“What changed you?” asked the bearded guy on the other end of the video line. This was the second time they’d video called, and the girl found most intriguing the red forest hairs invading the guy’s cheeks and upper lip, each bristle moving at every word he uttered.
I am amazed again and again by the power of Story Circles and creating from that place. As artists the time for deep listening, the curiosity and questions raised are such powerful roots to build what is possible.
“What are you doing here?” asked the girl, eyes staring toward the window. Cars drove away in single file like the migrating of birds. The workday was done, and traffic had to be beat.
Winter settled on the girl’s palm as she turned the perfectly egg-shaped brass doorknob ever so gently. The subtle hairs on her forearms rose like spikes as a waft of cooked brown rice raped her nostrils.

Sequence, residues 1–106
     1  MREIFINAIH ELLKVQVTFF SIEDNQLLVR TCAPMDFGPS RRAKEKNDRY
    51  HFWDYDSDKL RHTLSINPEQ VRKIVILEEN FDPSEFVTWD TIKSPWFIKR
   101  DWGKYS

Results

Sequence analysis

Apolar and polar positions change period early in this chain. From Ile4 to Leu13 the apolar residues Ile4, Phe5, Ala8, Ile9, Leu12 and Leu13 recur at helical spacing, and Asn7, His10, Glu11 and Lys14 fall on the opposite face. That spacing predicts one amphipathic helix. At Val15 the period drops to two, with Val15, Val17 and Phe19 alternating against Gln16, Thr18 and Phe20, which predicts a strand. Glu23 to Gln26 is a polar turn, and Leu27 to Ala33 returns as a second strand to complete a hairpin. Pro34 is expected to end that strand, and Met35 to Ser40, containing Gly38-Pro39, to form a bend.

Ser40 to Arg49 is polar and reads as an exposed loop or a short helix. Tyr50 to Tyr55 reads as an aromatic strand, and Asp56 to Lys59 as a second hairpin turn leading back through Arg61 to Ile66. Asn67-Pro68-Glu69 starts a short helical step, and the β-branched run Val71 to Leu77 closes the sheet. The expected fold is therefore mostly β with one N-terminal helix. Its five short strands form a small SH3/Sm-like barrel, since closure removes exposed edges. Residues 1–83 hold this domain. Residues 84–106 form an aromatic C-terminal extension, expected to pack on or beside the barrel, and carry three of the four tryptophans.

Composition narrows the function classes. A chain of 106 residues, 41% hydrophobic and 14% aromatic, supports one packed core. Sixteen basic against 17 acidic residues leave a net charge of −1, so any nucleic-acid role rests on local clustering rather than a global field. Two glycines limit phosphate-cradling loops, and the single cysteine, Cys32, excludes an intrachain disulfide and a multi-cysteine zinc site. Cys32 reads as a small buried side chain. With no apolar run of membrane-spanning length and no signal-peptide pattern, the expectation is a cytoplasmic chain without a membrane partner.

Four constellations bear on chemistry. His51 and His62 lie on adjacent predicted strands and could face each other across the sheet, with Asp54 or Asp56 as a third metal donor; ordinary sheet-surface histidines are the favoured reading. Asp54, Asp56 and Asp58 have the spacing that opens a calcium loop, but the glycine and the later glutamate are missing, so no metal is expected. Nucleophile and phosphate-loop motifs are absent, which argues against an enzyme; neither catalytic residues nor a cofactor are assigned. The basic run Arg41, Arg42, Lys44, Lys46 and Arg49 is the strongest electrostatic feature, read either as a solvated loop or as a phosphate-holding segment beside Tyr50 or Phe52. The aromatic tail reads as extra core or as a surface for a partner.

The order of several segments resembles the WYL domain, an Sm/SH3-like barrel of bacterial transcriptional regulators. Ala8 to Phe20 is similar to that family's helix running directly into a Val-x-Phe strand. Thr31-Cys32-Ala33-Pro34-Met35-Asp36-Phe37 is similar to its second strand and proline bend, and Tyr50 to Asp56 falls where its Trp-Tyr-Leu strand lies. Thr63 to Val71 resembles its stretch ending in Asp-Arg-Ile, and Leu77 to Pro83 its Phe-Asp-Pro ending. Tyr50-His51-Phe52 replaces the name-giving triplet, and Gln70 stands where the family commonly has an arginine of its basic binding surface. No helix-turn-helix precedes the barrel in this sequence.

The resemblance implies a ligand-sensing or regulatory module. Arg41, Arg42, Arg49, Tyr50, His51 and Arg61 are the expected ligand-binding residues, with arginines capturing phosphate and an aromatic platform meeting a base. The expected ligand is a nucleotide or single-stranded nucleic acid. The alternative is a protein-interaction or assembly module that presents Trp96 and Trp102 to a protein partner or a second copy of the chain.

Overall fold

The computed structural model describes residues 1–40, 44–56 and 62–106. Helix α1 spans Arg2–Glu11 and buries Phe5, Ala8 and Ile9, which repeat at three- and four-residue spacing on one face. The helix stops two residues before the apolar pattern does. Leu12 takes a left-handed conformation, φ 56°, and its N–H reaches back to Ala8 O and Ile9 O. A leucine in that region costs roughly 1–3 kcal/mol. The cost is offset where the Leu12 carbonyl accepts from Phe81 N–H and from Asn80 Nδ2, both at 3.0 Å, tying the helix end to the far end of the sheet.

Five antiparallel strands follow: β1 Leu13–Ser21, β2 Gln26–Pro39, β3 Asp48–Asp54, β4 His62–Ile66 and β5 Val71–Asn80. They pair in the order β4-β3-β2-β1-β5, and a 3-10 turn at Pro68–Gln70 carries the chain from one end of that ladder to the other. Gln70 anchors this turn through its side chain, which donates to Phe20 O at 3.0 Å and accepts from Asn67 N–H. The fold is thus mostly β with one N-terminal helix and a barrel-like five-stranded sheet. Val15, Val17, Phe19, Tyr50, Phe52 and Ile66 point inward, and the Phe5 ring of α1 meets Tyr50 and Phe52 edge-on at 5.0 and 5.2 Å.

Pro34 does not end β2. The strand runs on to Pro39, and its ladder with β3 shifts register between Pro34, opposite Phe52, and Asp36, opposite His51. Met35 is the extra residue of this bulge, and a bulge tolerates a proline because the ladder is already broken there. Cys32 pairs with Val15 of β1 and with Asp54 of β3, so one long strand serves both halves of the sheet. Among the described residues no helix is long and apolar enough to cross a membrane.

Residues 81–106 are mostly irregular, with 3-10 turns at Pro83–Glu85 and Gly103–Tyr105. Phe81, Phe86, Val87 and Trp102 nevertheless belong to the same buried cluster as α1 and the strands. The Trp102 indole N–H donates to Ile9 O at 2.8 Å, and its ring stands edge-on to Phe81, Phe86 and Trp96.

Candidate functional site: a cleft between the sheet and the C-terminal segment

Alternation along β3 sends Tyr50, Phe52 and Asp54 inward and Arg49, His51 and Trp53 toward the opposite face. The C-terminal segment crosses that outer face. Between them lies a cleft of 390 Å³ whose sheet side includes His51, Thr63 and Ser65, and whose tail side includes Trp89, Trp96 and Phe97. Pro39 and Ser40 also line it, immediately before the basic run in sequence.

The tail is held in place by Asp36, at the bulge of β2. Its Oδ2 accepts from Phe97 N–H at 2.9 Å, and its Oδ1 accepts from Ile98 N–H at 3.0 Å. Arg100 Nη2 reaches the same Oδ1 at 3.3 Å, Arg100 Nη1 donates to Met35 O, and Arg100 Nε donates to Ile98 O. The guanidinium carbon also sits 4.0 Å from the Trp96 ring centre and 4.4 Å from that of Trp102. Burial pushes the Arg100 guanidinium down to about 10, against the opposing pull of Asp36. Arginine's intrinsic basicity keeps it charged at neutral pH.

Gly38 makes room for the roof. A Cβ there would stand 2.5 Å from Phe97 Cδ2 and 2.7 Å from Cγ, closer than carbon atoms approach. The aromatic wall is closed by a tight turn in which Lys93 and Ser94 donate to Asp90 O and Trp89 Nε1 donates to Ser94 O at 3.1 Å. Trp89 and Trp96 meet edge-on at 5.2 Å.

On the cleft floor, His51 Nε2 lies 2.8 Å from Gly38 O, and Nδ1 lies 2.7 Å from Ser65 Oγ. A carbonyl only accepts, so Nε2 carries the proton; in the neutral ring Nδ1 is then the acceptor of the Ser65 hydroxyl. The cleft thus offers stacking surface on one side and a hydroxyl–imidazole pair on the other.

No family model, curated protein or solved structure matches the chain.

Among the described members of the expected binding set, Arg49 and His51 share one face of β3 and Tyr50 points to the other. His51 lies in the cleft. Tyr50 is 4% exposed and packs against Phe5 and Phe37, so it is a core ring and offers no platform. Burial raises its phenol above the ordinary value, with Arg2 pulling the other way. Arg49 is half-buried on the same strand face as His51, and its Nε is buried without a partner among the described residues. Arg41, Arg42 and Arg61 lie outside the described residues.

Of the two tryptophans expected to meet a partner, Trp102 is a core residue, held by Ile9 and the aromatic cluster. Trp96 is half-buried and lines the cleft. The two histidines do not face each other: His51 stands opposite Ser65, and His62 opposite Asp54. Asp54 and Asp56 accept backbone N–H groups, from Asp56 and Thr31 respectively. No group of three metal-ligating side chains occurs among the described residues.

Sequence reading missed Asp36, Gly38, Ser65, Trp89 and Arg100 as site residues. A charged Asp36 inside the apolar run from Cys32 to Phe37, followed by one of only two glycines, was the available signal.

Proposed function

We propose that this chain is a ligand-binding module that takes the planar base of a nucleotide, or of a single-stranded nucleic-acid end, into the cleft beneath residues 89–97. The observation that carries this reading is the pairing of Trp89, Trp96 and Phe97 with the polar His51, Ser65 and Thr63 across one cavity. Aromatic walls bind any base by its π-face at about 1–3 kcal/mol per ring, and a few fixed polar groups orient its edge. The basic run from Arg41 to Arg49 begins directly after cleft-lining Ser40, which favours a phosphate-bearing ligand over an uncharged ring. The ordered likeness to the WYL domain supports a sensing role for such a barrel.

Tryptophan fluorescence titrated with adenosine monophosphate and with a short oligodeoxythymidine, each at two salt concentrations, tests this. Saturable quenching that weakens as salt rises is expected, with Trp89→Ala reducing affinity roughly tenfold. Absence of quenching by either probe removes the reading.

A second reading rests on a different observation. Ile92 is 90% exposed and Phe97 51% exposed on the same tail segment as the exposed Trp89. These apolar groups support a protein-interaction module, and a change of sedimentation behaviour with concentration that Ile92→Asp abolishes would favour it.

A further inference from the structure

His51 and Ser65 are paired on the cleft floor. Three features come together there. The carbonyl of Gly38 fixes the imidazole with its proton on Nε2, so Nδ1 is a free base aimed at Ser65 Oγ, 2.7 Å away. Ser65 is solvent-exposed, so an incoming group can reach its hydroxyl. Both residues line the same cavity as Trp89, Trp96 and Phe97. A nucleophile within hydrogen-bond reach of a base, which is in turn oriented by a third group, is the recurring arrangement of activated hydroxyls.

The girl’s belly flipped as her phone dinged audibly from her left jean pocket. Shucks. How could she have left it on? The girl could have sworn that she’d silenced it.
As a child, Choua Xiong had always wanted to be an artist. As an adult, her passion, talent, and determination have led her to illustrate a recently published Hmong fairy tale, Puag Thaum Ub: Hmoob Xeem, written and told by Dr. Brian V. Xiong.
As a child growing up, Ya Po Cha had always wanted to become a medical doctor and give back to the Hmong community by helping Hmong patients and families.
“How was my day?” answered the woman with an elongated sigh. “My day was… good.” She tiptoed, lifted her hip, and planted her bottom firmly on the wheeled office chair, hands grasping at both armrests to maintain balance.
er Thao is currently pursuing her PhD in education and will be the first in her family to graduate with a doctorate degree. It is Thao’s hope and dream to inspire and develop curriculum that will support bilingual and multilingual students.